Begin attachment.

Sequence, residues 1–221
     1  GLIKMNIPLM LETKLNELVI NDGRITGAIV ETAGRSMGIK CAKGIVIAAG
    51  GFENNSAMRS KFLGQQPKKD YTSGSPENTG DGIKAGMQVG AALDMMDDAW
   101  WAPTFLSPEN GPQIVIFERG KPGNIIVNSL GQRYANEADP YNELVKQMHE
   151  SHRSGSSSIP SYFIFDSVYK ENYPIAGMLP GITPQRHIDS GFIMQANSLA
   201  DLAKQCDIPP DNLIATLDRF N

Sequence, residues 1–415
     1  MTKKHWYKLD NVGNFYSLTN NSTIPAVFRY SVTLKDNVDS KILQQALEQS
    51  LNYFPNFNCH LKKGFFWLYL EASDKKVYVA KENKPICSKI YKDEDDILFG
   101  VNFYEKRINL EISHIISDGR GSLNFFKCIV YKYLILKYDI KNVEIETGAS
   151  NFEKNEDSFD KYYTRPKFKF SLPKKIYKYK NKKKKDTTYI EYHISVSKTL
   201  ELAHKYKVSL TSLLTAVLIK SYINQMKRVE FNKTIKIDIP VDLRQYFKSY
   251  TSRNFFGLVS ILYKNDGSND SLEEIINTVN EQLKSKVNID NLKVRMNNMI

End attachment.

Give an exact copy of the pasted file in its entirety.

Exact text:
Sequence, residues 1–221
     1  GLIKMNIPLM LETKLNELVI NDGRITGAIV ETAGRSMGIK CAKGIVIAAG
    51  GFENNSAMRS KFLGQQPKKD YTSGSPENTG DGIKAGMQVG AALDMMDDAW
   101  WAPTFLSPEN GPQIVIFERG KPGNIIVNSL GQRYANEADP YNELVKQMHE
   151  SHRSGSSSIP SYFIFDSVYK ENYPIAGMLP GITPQRHIDS GFIMQANSLA
   201  DLAKQCDIPP DNLIATLDRF N

Sequence, residues 1–415
     1  MTKKHWYKLD NVGNFYSLTN NSTIPAVFRY SVTLKDNVDS KILQQALEQS
    51  LNYFPNFNCH LKKGFFWLYL EASDKKVYVA KENKPICSKI YKDEDDILFG
   101  VNFYEKRINL EISHIISDGR GSLNFFKCIV YKYLILKYDI KNVEIETGAS
   151  NFEKNEDSFD KYYTRPKFKF SLPKKIYKYK NKKKKDTTYI EYHISVSKTL
   201  ELAHKYKVSL TSLLTAVLIK SYINQMKRVE FNKTIKIDIP VDLRQYFKSY
   251  TSRNFFGLVS ILYKNDGSND SLEEIINTVN EQLKSKVNID NLKVRMNNMI